A young mother forced to switch off her 10-day-old son’s life support machine after she unknowingly passed the herpes virus on to him during his birth has called for all pregnant women to be tested for the virus.
Bar worker Kira Aldcroft, 22, from Prestwich, Greater Manchester, had a healthy pregnancy before son Leo Aldcroft was born nine days premature on August 9.
The mother-of-one had never experienced any symptoms of genital herpes apart from thrush, which she claims nurses told her was a common side effect of being pregnant, and so did not know she was harbouring the dormant virus.
But just eight days after Leo’s birth, Miss Aldcroft’s dream turned into a living nightmare when her son was rushed to hospital with suspected sepsis after he began to bleed from his mouth, before sadly passing away this month on August 19.
Kira Aldcroft, 22, from Prestwich, pictured with her son Leo, who sadly died eight days after his birth
Miss Aldcroft, pictured when she was pregnant with Leo, has now spoken out for all women to be tested for the Herpes HSV2 virus
Leo, pictured, was placed in an induced coma after Miss Aldcroft unwittingly passed the Herpes HSV2 virus to her son during his delivery
Doctors discovered the 22-year-old was carrying the Herpes HSV2 virus – a type of genital herpes – which she had unwittingly passed to her son during his delivery.
Miss Aldcroft is now speaking out to raise awareness of the deadly virus – just days after Leo died- and is calling for herpes tests to become obligatory for all mothers-to-be.
She said: ‘I’ve always wanted to be a mum so being able to bring Leo home was just a dream come true, everything was finally perfect and everyone was happy.
‘But as Leo was laid there in hospital with doctors and nurses surrounding him, it was a mother’s worst nightmare.
‘I was physically sick when the herpes test came back positive, as I had done everything humanly possible to give my son the best start in life.
‘I could have contracted it before or during the pregnancy, as it can be dormant for months or years so there’s no way of telling.
‘I had no knowledge I had the virus, as there were no symptoms other than thrush, and if I had been offered a test during my pregnancy all this heartache could have been avoided.
‘I’m now urging men and women to get tested. That’s my message to everyone – not just pregnant women.
Baby Leo with Miss Aldcroft’s mother Karen Tunnah. Just hours after Leo was first rushed to hospital doctors told his mother his liver and kidneys were failing
‘I hope sharing Leo’s story will save other lives.’
Herpes has two strains, which are both dangerous to babies as their immune systems are yet to have fully developed to fight off the virus.
Type 1 can cause cold sores, while Type 2 typically causes genital herpes, and the virus can be passed onto newborn babies during vaginal delivery.
As Leo fought for his life in hospital, medics told Miss Aldcroft her son’s odds of surviving were dropping by the minute.
Unable to hold her baby boy, the 22-year-old and her mother Karen Tunnah had to look on helplessly as doctors fought to save his life.
Kira Aldcroft, 22, holding her son Leo after his birth. The 22-year-old is speaking out about her sad ordeal and also raising money for Royal Manchester Children’s Hospital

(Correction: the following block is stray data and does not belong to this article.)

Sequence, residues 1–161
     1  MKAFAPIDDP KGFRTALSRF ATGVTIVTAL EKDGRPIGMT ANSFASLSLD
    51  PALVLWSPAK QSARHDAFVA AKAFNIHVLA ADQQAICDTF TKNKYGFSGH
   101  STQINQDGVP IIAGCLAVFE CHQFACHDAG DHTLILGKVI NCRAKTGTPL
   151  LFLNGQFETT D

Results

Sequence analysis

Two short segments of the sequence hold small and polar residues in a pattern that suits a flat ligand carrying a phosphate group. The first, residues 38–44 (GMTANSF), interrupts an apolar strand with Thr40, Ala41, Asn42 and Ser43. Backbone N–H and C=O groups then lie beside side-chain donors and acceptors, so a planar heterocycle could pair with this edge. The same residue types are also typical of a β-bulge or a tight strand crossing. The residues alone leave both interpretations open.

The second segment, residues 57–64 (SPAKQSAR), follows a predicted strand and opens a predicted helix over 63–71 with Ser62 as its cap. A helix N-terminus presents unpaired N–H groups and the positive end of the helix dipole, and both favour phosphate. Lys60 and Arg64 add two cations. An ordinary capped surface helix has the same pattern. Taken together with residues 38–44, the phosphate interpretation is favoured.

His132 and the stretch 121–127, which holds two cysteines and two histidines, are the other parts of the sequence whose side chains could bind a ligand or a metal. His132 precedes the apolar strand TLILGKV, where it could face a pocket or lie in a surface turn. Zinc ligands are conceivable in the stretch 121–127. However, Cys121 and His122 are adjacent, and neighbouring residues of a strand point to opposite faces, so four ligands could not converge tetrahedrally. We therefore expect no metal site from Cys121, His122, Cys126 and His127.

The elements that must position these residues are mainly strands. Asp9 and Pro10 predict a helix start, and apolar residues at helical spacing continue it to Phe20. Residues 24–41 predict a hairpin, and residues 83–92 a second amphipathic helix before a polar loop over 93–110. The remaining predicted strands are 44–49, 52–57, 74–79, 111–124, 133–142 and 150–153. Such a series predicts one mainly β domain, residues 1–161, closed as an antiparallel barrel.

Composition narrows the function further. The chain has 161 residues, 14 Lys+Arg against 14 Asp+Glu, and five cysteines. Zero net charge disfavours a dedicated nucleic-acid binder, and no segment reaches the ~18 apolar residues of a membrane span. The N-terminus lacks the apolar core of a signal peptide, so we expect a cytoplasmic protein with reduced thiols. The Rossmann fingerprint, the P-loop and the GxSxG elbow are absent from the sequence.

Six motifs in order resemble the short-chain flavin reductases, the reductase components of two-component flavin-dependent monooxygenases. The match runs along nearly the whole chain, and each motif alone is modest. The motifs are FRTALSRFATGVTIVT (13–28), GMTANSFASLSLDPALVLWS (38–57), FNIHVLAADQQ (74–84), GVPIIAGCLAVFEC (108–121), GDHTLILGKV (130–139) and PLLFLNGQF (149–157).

But on the Sunday morning – just hours after he was first rushed into hospital – doctors told her his liver and kidneys were failing and that they would have to put him on a dialysis machine in order to keep him alive.
Leo was then moved to a private room as Miss Aldcroft was told it was time to get her baby boy baptised.
Soon after, Kira and her mother were given the devastating news that medical staff had found a clot and swelling on Leo’s brain and that all his organs were failing.
It was then that Kira decided that her brave boy had suffered enough and she made the heartbreaking decision to turn off his life support machines.
She said: ‘As Leo lay in hospital, all I wanted to do was to hold and to kiss him and to tell him that everything would be alright.
Despite his short life, his mother Miss Aldcroft, said her son touched the lives of all he met
‘I told my baby boy to fight and that we were all on his side, and how much I loved him and wanted to return home with him.
‘Leo’s baptism was a nice moment to know I could bless him before he passed.
‘I wanted to get him christened at Christmas, but obviously his time came a lot sooner.
‘The consultant then told us his condition had worsened.
‘Once I knew the status of Leo’s health, I knew it was time for me as his mother to say ‘enough is enough’.
‘Once I’d decided that, I was then allowed to be next to him and be by his side.
‘I fell asleep with my head on his incubator and held his hand and when it was time to stop the machines, they let me hold him.
Leo, pictured not long after his birth. His mother is now channeling her grief into campaigning for all mothers-to-be
‘It was heartbreaking, as he took his last breaths in my arms, I held his hand and held him so close, and told him how proud I was of him.
‘The doctors then left the room, and let me and my family have our time alone and a chance to say goodbye.’
Despite his short life, Miss Aldcroft is adamant her son touched the lives of everyone he met.
After Leo’s death, the heartbroken mother was forced to return home, surrounded by the clothes and toys she had prepared for the tot just weeks before.
But she is now channelling her grief into campaigning for all mothers-to-be to undergo mandatory screening for all types of the herpes virus.
She said: ‘Leo was the calmest, happiest baby you’d ever meet.
‘He was a dream. I say to everyone he was born an angel.
‘He never cried until that night.
‘His death has been even harder because I came back to a house with all his things here.
‘I can see all the things here that would have been.’
Miss Aldcroft is raising money for Royal Manchester Children’s Hospital on Go Fund Me